This post originally appeared on my blog at ASweetLife.org on December 6, 2013. Even though that was nearly five years ago, my feelings on this haven’t changed – I strongly prefer to keep my blood sugars to myself.
Sometimes, I find myself getting angry and annoyed when others look at my blood sugar.
“256? Is that good or bad?”
“Oh man, you’re 61? You need to take some insulin right now!”
By making these seemingly innocent comments, people manage to simultaneously violate my privacy as well as sound ignorant.
I don’t have these feelings because I am ashamed of my diabetes. I don’t know what life is like without it, so I’ve had many years to come to terms with the impact it has on me on a daily basis.
Rather, I think it’s more of a defense mechanism. When I see my friends or family craning their necks to look at the number on my meter, I tend to prevent them from seeing by cradling my hands around the meter or lifting it up so I am the only one who can read it. That way, I can react to my blood sugar on my own terms without having to worry about how someone else feels about it. I appreciate that I’m surrounded by people who genuinely care about my health, but just because my loved ones are aware of my diabetes doesn’t make them experts. In some instances, my friends have been so concerned about a slightly hypoglycemic blood sugar that they kept a closer monitor on my sugars than I did for the next couple hours. I hope I don’t sound ungrateful for their support, but my goodness, it’s tiring to have to deal with multiple reactions to my own blood sugars. I’m the one who has to deal with them, and that’s enough for me to handle at any given time.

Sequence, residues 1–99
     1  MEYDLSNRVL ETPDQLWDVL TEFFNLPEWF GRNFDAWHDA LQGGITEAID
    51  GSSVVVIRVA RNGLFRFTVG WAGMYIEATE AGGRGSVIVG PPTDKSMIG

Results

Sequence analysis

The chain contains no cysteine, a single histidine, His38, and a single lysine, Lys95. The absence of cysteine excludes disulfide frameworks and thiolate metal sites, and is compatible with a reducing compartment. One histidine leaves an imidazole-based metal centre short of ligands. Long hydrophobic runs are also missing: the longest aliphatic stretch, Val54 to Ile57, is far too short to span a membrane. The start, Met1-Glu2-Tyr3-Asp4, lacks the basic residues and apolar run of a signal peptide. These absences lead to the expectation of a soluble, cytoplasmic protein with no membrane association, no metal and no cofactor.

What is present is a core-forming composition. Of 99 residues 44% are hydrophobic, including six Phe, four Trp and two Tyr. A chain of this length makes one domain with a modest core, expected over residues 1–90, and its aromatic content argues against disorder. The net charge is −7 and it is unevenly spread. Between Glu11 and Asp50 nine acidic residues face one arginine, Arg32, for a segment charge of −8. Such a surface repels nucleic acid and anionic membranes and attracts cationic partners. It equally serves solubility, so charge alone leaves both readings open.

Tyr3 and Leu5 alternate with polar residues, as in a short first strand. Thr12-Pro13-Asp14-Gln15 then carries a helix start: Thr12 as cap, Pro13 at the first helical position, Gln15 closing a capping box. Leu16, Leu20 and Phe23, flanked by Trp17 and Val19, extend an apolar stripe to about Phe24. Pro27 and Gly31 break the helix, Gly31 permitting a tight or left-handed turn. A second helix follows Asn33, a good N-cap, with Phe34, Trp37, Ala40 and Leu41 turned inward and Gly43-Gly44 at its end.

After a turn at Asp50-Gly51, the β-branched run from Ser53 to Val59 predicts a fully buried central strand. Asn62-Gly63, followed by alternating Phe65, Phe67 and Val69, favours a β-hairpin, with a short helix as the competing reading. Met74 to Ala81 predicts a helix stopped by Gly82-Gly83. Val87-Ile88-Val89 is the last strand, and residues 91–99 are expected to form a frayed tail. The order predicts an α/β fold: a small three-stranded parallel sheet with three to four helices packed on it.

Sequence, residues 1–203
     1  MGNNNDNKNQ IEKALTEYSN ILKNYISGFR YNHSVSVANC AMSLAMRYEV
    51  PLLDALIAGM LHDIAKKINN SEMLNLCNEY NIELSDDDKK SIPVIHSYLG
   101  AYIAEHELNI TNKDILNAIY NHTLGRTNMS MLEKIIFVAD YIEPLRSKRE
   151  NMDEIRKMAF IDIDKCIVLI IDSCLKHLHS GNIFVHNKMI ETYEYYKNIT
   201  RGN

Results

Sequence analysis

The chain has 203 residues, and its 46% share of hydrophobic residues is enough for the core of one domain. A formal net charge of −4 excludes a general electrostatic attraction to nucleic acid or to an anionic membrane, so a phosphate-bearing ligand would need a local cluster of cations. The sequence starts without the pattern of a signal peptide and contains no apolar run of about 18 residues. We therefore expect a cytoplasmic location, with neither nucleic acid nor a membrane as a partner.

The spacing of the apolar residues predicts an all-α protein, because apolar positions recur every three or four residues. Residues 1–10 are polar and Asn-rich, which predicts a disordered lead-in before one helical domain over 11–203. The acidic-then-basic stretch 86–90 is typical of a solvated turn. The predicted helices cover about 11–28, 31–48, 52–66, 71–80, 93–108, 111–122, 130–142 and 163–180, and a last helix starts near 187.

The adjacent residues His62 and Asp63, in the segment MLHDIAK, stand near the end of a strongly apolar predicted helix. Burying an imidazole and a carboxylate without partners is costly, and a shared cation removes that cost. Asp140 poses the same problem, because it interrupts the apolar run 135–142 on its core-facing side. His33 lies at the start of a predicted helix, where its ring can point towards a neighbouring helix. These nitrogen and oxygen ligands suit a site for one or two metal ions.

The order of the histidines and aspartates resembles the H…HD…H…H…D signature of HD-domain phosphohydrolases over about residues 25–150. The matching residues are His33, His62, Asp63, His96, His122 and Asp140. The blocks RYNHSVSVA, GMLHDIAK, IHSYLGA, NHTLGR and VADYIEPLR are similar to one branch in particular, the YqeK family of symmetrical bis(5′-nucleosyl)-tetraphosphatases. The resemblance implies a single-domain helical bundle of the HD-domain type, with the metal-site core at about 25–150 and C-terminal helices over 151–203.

On that note, I think that my defensive nature applies to myself, not just others. I am protective of myself because I like to test my blood sugar and analyze my feelings and what actions I should take once I know the number. When I can focus on this on my own, I have a greater understanding of how my body reacts in certain situations and what kinds of preventive or corrective measures I need to take in the future.
I guess what I’m wondering here is whether or not any other people with diabetes also feel this compulsion to keep their numbers private. Am I being too sensitive? Is it natural for me to want to tell others that my blood sugars are none of their business?